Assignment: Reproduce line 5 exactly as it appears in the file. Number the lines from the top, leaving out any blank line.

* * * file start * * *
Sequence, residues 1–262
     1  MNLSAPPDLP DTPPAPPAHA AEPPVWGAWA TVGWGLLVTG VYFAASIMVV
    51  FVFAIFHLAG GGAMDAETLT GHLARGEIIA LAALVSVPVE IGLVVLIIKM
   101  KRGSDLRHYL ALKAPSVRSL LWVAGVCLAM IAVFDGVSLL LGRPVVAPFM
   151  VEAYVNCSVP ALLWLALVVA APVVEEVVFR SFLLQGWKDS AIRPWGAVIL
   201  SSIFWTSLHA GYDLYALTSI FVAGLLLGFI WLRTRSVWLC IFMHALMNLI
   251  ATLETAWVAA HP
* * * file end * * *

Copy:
   151  VEAYVNCSVP ALLWLALVVA APVVEEVVFR SFLLQGWKDS AIRPWGAVIL